Whether you were hurt in an industrial accident, contracted an illness due to hazardous substances associated with your job or suffer from any other employment-related medical problem, you should understand your rights under Kentucky’s workers’ compensation law. My firm, Michael D. Lindsey, in Bowling Green, delivers honest, effective counsel for employees who need to file workers’ compensation claims and appeals. I’ll simplify the process and answer any questions you might have, such as:
No matter how complex the situation might seem, I am an aggressive workers’ compensation advocate who will compile the relevant factual and medical evidence to demonstrate that you deserve relief.
At Michael D. Lindsey, in Bowling Green, I represent injured Kentucky employees in workers’ compensation actions and other legal matters. Please call 270-282-4710 or contact me online to schedule a free initial consultation.
If you’ve been hurt in a job accident or have contracted an illness related to your work, notify your employer immediately. Your employer should give you the applicable forms and might identify a doctor you need to see to have your condition evaluated. Once that occurs, you should receive benefits, but if your employer or your employer’s insurance company challenges your claim, it’s best to find a qualified workers’ compensation attorney to bolster your case.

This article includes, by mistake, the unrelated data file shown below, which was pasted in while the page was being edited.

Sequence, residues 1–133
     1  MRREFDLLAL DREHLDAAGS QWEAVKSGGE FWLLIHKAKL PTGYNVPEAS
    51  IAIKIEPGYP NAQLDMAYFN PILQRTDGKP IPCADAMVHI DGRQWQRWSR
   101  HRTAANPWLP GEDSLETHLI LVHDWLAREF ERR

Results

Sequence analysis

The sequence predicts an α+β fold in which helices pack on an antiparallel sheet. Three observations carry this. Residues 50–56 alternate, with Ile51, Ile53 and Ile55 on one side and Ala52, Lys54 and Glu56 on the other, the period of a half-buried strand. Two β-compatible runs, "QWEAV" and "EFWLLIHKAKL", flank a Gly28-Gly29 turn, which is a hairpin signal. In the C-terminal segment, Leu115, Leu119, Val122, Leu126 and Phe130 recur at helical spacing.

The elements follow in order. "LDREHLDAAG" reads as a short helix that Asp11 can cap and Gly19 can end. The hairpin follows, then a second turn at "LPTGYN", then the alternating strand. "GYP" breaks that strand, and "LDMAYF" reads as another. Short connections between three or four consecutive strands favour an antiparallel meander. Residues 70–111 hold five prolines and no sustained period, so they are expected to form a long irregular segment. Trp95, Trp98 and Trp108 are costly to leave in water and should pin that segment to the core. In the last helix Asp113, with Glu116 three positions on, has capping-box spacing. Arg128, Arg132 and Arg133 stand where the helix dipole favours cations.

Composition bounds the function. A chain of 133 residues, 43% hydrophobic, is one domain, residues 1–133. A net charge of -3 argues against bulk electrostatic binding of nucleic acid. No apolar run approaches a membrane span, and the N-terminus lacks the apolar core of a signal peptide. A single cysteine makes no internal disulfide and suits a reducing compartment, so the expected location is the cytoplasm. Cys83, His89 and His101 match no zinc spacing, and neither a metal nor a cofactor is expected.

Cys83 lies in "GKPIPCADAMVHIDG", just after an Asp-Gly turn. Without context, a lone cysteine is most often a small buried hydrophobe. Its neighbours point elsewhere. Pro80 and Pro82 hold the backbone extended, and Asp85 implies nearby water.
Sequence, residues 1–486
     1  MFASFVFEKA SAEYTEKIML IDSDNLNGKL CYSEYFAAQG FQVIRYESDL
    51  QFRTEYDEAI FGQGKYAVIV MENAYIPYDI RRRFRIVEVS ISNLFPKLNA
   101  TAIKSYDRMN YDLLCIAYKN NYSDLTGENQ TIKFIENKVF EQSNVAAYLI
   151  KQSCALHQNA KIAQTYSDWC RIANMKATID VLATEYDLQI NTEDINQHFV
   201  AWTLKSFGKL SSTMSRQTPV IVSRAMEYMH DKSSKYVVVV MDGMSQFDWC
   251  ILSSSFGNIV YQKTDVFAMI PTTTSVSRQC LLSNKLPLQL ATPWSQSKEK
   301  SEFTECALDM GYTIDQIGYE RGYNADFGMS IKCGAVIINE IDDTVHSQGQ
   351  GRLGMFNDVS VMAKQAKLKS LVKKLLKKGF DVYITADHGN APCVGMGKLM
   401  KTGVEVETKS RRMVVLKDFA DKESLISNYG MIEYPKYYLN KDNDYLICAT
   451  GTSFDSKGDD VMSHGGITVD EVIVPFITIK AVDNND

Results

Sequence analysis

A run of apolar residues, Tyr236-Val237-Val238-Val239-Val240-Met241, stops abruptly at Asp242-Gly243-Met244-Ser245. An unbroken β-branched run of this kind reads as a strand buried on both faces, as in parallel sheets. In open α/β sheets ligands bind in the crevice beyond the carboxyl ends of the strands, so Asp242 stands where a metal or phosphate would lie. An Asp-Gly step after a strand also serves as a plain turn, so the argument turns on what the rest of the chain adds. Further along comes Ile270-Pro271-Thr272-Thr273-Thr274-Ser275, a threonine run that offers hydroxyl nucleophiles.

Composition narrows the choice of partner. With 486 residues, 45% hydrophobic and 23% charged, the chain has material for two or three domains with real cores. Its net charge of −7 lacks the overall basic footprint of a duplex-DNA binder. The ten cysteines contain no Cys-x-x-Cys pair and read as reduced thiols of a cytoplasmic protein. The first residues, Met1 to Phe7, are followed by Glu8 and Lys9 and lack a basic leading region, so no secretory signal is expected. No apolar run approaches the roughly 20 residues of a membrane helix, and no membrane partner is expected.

Aside from exceptions that apply to certain fields, such as agriculture and government work, all Kentucky employers are required to offer workers’ compensation coverage through a carrier or self-insurance arrangement. Workers’ compensation confers benefits on injured employees regardless of whether the business that employs them is at fault or not. Employees do have the option to waive workers’ compensation coverage by executing what is known as a Form 4 Waiver, which allows the injured worker to maintain the right to recover damages in a personal injury action if the employer is at fault. Businesses cannot force their employees to waive their rights.
Medical costs are paid as part of workers’ compensation benefits for much more than doctor and hospital bills. The costs of prescription drugs, occupational therapy, rehabilitation treatments and travel expenses associated with your medical treatment can also be reimbursed. While you’re unable to work, you can collect two-thirds of your average weekly wage up to the state limit, which is $868.47 for 2019.
Injuries that occur during the regular course of someone’s job and diseases caused by exposure to hazardous materials at the workplace are covered by workers’ compensation. Benefits are available in response to one-time incidents or conditions such as hearing loss that develop over time. If you drive a vehicle as part of your job duties and get in an accident, a workers’ compensation claim would be valid, but not collisions that occur while you’re commuting to and from work.
Your workers’ compensation claim might be denied because of suspicions that your injury is not connected to your job or because you lack proper medical documentation. If your claim was rejected, you can request a benefit review conference before an administrative law judge. After that, an appeal can be lodged with the state’s Workers’ Compensation Board. This process can be lengthy, so it’s important to understand the potential timeframe before you decide how to proceed.